Game publisher Sunsoft, best known in the West for 8-bit era games like blaster master, bat ManY Fester’s Quest, is attempting to republish and develop video games. On Thursday, the new Sunsoft, which technically never went away, outlined its plan to relaunch and revive its catalog of classic games, starting with the vampire survivors-inspired Ikki joins and releases of beloved retro games Trick! Y ufouria (known as Hebereke in Japan) for modern platforms.
Sunsoft is even hinting at bringing back Aero the Acro-Bat, the anthropomorphic bat that appeared in a couple of Sega Genesis and Super NES games near the top of the console’s mascot platformer.
The first game from the publisher under the new plan, Ikki joinsIt’s kind of a sequel to Ikkian arcade game (later ported to Nintendo’s Famicom) about the uprising of a medieval Japanese farming village against their feudal lord. Ikki joins will expand the original single-player game with online multiplayer, and is unmistakably inspired by, if not copied from, the 2021 smash hit vampire survivors.
Yuichi Ochi, general manager of Sunsoft, told Polygon in an interview on Wednesday that Ikki joins is being built on vampire survivors game design and viral success to help find an audience for the Ikki brand, which he admitted has no global awareness. (The Famicom port of Ikki is infamous for its shoddy quality and reportedly the basis for the derogatory phrase “kusoge” or “shit game” in Japan).
Just a little better known than Ikki are Trick! (which saw a Scandinavian release) and Hebereke (that features metroid-like mechanic and was released in North America for the NES under the name Ufouria: The Saga). But Sunsoft hopes to give those underdog games new levels of exposure by bringing them to Nintendo Switch, PlayStation 4, Windows PC via Steam, and Xbox One.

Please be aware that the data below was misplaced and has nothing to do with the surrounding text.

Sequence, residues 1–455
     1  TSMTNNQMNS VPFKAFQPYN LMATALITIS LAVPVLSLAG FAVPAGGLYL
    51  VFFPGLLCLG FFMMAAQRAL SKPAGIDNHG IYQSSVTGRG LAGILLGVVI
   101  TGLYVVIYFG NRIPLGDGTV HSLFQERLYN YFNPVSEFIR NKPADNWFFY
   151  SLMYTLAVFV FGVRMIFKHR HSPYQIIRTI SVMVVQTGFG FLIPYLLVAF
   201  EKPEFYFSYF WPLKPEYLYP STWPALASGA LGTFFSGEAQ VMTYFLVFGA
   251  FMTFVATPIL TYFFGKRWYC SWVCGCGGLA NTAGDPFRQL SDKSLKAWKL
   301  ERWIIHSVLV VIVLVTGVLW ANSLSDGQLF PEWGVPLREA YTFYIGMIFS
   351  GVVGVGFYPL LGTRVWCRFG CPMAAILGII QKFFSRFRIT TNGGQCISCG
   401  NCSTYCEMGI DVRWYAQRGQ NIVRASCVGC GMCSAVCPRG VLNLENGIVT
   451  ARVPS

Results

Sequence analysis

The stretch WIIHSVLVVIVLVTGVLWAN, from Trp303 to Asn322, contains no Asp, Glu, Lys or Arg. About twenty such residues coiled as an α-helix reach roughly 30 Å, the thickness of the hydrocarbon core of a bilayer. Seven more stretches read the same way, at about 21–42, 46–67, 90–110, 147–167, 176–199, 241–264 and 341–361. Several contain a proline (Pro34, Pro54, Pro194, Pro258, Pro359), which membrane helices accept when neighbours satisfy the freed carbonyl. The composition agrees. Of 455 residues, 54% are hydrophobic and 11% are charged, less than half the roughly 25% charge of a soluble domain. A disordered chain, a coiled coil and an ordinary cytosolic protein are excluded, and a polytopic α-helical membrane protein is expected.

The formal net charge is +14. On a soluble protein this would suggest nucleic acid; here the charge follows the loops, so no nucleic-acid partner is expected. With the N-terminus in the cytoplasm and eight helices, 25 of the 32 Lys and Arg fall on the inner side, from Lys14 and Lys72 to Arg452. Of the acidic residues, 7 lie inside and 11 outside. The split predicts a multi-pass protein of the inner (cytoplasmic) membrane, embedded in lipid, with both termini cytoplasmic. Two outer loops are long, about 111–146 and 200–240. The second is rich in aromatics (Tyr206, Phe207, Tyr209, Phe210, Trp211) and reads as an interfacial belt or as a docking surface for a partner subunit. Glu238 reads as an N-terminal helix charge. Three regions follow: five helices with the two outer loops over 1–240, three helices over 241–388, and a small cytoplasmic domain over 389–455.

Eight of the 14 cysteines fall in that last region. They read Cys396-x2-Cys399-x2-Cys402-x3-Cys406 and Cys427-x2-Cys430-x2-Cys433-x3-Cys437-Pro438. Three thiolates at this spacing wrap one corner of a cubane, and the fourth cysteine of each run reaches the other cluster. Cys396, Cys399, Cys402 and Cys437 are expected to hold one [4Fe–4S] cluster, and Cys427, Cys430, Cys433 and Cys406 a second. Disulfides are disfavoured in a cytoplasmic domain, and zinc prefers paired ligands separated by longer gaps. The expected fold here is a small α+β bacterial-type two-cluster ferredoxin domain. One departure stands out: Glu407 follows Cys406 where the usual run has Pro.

Beyond that, there are plenty of games developed and published by Sunsoft that were cult hits in Japan, but never made it to the West. Ochi hopes to revive them as well. Weather Ikki joins is being developed internally by Sunsoft, other titles are being developed with the help of external studios. Sunsoft is willing to work with smaller independent studios on games based on its IP, Ochi said: “Our strategy is very open.”
So why bring Sunsoft back now, years after its last attempt to publish games? Put simply, business is good for Sunsoft’s parent company, Sun Corporation, and the electronics company is looking to reinvest in game manufacturing, Ochi said. Ochi himself is relatively new to the company, having joined Sunsoft in July 2021, after working at Capcom and other game companies in Japan and Taiwan.
But with a recognizable old name, a back catalog of underdog brands, and now an official VTuber called Sunsoft Nosuke to deliver some good news about games like Trick! to a global audience, Sunsoft proudly states that it’s back.